Thyroid large needle aspiration biopsy is disregarded because it is thought to be associated with pain. This is in contrast with our 32 years long experience. We surveyed reports of pain in patients examined with fine needle aspiration biopsy (78, 87.2% women, mean age 59 years) or FNAB+large needle aspiration biopsy (48, 87.5% women, mean age 60 years). Each patient was questioned regarding a) no unpleasant sensation (score "0"); b) unpleasant sensation ("1"); c) mild pain (no analgesic used; "2"); or d) pain (analgesic used; "3"). The mean size of the needle used was for FNAB 22.3+/-0.7 or 20.8+/-1 gauge in the fine needle aspiration or fine needle aspiration plus large needle aspiration biopsy group, respectively (p<.0001). The number of percutaneous punctures was higher in the fine needle aspiration plus large needle aspiration biopsy group. However, the pain score in the fine needle aspiration biopsy or fine needle aspiration biopsy plus large needle aspiration biopsy group was not significantly different. Large needle aspiration biopsy after fine needle aspiration biopsy does not add any discomfort or pain and therefore in light of the demonstrable benefits, should be included in clinical algorithms for the evaluation of thyroid nodules. © 2013 Carpi et al.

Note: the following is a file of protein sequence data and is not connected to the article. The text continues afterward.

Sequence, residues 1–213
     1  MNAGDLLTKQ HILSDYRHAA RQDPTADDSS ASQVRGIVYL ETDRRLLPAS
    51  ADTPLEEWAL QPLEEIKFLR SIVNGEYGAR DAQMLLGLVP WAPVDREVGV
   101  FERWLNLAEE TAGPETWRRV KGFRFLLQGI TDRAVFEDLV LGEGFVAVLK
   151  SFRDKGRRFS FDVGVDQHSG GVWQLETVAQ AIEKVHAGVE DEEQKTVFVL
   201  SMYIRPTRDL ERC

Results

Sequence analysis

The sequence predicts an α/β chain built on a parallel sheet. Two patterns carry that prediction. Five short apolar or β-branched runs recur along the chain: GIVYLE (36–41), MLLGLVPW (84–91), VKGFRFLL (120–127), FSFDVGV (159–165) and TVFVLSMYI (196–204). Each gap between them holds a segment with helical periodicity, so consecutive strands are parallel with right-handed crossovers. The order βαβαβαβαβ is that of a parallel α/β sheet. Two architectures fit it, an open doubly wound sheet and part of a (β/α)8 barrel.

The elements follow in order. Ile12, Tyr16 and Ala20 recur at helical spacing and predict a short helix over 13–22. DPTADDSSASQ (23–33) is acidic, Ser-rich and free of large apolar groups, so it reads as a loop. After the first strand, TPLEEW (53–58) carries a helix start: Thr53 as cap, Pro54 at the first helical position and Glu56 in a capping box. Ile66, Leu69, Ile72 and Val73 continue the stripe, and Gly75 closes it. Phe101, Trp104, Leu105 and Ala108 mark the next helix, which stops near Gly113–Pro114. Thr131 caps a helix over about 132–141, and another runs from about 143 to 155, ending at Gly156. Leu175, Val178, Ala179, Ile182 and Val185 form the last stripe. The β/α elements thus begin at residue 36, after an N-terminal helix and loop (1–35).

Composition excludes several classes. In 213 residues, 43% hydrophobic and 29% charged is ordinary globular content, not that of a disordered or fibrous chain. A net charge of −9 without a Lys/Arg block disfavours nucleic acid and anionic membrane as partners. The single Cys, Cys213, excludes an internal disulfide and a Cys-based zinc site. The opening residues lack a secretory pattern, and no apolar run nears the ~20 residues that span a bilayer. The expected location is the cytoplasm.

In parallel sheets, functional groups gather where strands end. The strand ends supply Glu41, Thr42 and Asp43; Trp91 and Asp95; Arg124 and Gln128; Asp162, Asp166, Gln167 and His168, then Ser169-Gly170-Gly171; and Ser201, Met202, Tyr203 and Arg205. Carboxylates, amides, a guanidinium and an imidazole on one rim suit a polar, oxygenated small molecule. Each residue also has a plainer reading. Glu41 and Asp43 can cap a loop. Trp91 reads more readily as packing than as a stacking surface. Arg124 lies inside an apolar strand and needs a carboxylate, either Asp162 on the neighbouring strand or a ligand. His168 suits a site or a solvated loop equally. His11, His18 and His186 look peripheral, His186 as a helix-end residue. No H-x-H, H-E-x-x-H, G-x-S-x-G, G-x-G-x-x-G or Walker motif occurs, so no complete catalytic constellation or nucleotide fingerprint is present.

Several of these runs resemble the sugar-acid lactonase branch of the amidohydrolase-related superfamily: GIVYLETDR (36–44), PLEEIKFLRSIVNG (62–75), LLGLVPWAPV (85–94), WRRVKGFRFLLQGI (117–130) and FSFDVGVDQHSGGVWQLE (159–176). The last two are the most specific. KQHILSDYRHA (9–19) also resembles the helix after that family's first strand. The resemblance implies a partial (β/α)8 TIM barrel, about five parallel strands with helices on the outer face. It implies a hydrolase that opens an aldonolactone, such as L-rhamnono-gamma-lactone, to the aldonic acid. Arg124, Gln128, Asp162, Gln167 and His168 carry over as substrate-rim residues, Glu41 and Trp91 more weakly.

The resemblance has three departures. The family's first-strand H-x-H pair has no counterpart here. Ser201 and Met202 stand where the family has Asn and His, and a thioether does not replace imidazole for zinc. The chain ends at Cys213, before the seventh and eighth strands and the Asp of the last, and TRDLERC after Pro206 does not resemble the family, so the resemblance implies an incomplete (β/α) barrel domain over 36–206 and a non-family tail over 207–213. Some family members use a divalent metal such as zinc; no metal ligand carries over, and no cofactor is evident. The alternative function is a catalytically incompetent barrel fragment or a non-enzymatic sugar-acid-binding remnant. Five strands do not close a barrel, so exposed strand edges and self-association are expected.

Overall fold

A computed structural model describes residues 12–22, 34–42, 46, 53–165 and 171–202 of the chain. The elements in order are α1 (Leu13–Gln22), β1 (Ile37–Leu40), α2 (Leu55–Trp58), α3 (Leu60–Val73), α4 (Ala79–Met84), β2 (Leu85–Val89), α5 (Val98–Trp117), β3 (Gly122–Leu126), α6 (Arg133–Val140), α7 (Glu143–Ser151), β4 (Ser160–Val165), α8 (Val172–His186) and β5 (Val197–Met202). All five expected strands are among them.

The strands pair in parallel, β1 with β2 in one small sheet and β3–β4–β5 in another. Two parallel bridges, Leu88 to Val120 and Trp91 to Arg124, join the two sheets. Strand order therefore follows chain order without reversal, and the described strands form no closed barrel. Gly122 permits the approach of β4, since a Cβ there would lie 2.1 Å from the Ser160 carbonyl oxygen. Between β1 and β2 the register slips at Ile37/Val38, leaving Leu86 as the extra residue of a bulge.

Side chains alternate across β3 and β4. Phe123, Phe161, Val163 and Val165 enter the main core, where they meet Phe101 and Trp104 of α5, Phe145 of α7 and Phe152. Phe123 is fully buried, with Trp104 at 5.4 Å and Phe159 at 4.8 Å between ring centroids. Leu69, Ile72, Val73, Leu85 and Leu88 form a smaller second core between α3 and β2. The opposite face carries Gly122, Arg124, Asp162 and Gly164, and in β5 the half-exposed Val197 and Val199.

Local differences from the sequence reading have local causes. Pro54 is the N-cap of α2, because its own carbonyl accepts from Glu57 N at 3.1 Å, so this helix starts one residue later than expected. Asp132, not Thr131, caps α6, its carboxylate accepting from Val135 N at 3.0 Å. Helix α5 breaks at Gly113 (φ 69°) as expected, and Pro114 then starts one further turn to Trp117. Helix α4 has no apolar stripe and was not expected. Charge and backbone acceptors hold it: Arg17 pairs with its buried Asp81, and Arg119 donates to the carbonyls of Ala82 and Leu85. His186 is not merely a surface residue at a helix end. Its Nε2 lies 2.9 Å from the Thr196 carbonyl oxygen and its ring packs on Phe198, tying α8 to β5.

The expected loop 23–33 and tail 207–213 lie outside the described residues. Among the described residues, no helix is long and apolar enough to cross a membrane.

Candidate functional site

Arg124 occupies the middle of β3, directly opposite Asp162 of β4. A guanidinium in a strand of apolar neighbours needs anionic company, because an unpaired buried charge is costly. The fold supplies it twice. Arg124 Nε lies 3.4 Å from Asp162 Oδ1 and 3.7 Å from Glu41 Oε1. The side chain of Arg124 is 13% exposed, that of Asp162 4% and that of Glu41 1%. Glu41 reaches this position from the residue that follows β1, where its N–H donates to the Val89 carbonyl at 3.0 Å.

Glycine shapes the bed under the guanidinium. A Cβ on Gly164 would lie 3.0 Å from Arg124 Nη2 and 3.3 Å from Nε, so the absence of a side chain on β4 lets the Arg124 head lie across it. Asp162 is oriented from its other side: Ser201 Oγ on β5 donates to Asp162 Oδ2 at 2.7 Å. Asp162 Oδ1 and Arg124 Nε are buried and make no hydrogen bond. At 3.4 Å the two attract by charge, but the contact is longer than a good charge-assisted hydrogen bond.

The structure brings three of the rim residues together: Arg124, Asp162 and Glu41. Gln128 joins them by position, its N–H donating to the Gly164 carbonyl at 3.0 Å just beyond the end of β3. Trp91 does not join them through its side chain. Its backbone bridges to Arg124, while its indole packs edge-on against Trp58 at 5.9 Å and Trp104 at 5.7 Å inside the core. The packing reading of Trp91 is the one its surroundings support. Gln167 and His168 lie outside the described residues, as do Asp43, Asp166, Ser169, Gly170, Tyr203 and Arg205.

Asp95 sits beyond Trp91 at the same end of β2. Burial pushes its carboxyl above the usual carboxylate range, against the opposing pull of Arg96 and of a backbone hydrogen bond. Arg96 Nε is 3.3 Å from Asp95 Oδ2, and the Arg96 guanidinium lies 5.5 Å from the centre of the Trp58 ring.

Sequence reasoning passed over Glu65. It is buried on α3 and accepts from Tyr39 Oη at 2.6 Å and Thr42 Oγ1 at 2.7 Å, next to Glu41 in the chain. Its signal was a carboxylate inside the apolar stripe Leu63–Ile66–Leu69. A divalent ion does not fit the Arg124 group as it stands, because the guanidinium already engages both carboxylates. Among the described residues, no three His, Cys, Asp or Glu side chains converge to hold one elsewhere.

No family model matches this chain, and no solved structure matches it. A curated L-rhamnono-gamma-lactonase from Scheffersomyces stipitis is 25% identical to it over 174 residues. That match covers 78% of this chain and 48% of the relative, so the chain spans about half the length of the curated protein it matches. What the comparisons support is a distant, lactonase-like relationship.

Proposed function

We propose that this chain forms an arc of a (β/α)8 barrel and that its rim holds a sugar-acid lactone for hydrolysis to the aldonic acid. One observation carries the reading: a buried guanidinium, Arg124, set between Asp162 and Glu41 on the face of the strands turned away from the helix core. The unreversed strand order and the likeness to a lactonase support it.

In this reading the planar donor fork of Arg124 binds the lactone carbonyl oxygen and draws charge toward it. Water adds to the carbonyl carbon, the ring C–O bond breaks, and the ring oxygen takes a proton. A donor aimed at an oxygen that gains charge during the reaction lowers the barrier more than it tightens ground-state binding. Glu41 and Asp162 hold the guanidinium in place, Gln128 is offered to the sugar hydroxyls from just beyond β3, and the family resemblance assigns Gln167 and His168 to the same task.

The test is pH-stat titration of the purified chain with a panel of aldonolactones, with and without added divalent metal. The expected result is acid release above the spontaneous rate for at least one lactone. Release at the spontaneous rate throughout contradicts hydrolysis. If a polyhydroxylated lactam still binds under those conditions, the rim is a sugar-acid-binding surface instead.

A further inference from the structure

A., C., G., R., A., N., G., I., M., R., Carpi, A., … Mechanick, J. (2013). Does large needle aspiration biopsy add pain to the thyroid nodule evaluation?. PLoS ONE, 8(3), e58016. Retrieved from http://ovidsp.ovid.com/ovidweb.cgi?T=JS&PAGE=reference&D=medl&NEWS=N&AN=23536779 http://www.plosone.org/article/fetchObjectAttachment.action?uri=info%3Adoi%2F10.1371%2Fjournal.pone.0058016&representation=PDF http://ovidsp.ovid.com/ovidweb.cgi?T=JS&PAGE=re